Consumer choice in the Dutch health insurance market.

Maat, M.J.P. van der, Jong, J.D. de. Consumer choice in the Dutch health insurance market. European Journal of Public Health: 2010, 20(suppl. 1), p. 270. Abstract. 3rd European Public Health Conference 'Integrated Public Health', 10 - 13 November 2010, Amsterdam.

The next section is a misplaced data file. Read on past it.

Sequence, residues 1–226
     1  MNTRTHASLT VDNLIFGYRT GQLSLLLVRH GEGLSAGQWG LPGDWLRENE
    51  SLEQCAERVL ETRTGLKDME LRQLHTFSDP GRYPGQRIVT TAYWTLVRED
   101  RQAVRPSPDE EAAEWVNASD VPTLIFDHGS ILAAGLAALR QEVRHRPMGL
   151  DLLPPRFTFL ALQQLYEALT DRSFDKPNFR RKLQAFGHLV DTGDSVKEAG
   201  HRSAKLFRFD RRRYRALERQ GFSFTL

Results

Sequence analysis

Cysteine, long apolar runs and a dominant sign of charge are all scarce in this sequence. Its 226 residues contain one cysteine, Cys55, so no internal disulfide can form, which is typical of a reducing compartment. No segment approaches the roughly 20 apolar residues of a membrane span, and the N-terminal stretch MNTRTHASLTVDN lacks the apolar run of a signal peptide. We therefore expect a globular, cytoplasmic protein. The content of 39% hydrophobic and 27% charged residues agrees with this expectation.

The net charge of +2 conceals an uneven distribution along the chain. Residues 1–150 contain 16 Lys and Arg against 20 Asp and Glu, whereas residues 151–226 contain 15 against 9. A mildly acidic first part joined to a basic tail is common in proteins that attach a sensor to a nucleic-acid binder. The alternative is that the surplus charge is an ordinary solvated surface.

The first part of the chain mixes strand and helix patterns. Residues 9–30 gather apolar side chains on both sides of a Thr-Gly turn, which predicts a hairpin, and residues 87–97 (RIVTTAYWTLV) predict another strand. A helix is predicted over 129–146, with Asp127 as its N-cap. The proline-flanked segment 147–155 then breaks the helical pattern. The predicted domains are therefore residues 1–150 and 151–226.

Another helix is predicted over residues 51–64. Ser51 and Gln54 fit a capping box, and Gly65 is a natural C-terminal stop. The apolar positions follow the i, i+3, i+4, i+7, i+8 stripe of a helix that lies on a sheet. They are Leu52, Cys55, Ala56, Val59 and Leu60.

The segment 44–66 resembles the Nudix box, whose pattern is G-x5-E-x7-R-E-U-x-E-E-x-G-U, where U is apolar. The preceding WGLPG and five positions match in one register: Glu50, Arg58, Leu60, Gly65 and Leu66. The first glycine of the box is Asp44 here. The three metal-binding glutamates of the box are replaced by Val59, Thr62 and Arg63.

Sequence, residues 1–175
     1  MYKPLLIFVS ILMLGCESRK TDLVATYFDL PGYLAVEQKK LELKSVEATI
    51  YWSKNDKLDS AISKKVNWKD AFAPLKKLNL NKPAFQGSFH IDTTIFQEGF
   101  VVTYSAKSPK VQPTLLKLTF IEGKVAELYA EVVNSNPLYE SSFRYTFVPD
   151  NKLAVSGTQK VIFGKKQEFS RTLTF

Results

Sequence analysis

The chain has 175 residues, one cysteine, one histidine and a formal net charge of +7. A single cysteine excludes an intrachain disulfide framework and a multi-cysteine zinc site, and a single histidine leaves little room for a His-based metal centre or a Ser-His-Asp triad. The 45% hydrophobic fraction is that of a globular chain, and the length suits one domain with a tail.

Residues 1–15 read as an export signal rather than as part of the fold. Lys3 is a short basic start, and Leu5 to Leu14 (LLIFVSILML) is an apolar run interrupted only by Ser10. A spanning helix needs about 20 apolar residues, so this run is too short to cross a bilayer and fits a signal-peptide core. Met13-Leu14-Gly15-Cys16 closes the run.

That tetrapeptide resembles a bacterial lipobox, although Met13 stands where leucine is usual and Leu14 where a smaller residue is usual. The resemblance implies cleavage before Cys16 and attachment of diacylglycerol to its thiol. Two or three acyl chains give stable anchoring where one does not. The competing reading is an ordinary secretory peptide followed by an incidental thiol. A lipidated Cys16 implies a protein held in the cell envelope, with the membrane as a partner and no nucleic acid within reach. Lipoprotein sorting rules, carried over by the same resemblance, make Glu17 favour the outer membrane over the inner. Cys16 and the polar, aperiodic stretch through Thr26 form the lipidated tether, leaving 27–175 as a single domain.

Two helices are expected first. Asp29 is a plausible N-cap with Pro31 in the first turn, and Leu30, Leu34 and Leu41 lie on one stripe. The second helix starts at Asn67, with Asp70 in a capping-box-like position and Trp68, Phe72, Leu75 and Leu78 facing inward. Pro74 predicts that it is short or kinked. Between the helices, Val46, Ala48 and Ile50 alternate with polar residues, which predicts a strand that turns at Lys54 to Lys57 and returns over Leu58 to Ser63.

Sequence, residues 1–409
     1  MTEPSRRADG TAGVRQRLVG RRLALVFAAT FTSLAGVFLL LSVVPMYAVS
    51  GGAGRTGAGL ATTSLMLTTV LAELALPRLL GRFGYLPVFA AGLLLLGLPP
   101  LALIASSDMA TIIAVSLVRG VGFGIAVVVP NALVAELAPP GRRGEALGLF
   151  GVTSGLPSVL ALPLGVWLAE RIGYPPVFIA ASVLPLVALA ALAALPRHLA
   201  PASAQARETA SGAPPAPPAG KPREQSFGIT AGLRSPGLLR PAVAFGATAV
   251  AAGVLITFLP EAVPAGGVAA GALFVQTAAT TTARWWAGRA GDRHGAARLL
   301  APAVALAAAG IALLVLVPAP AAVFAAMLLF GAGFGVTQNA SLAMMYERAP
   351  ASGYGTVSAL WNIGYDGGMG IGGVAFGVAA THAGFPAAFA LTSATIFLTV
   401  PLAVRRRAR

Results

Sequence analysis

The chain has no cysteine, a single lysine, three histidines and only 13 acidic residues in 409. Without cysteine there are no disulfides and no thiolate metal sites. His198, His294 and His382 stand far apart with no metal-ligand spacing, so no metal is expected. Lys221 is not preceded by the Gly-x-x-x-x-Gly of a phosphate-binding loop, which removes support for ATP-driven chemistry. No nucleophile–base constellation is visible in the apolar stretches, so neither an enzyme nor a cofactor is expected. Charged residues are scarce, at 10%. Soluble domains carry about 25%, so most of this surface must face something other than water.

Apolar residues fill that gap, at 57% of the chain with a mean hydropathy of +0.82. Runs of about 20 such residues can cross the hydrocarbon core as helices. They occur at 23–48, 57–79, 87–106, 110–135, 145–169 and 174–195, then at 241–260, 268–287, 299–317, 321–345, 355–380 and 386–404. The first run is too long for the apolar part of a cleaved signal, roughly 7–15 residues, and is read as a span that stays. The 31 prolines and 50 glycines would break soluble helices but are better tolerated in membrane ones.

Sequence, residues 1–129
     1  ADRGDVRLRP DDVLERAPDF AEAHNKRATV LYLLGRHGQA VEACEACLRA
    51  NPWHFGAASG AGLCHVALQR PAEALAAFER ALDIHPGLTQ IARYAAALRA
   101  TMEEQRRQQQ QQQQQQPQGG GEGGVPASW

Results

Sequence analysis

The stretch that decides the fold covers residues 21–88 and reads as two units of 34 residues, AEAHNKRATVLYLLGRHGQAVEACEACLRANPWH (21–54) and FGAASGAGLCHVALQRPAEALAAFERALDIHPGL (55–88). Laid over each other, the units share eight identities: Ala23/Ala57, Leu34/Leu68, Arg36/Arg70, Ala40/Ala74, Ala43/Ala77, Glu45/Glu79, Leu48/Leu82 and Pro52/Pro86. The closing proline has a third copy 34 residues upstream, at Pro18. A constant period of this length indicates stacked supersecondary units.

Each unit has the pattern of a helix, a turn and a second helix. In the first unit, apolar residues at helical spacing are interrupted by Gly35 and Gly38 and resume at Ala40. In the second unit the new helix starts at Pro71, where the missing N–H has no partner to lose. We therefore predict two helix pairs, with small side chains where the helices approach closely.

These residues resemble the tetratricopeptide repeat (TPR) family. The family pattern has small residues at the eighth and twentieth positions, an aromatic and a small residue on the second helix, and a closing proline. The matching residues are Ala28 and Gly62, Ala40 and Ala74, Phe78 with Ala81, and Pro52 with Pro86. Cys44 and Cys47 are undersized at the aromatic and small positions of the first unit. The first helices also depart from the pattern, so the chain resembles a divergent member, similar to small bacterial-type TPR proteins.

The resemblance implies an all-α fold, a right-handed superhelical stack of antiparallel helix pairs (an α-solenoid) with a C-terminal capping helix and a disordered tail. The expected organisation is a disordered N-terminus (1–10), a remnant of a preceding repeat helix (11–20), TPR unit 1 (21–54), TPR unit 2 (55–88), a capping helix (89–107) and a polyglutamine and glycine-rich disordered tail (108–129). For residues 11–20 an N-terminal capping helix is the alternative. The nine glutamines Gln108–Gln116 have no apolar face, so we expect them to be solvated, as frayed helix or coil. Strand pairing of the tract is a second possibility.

Background: In the last decades, health care reforms based on introducing managed competition have been implemented in several countries. The policy assumption is that managed competition leads to lower prices and increases the quality of health care. However, not much is known about the underlying assumptions. The assumption of the critical health care consumer is a crucial one. The mechanism for improving quality and, at the same time, lowering costs is based on this assumption. Besides these assumptions on choosing there is another, underlying assumption: it is assumed that consumers want choice in health care. This study focuses on this assumption. Does it hold, and if so, does it apply to all socio-demographic groups? In addition we studied whether people perceive enhanced choice. Methods: Questionnaires were sent to the Dutch Health Care Consumer Panel, a cross-section of the Dutch population. Data were collected from 2005 until 2008 from approximately 1000 panel members per year. Results: The study shows that overall people think it is important to have enhanced choice in health care. Choices between insurers and between providers are approximately of equal importance to people. Comparing different providers, people attach more importance to enhanced choice between medical specialists and hospitals than to enhanced choice between general practitioners. This holds for all socio-demographic groups, although these groups differ in the extent to which they prefer enhanced choice. Conclusions: The results of the study suggest that the preference for enhanced choice depends on the extent to which people are confronted with choices. In order to facilitate choice, decisionmaking-assistance should be targeted at those people, for example the elderly, who are frequently confronted with choices on high risk procedures. (aut. ref.)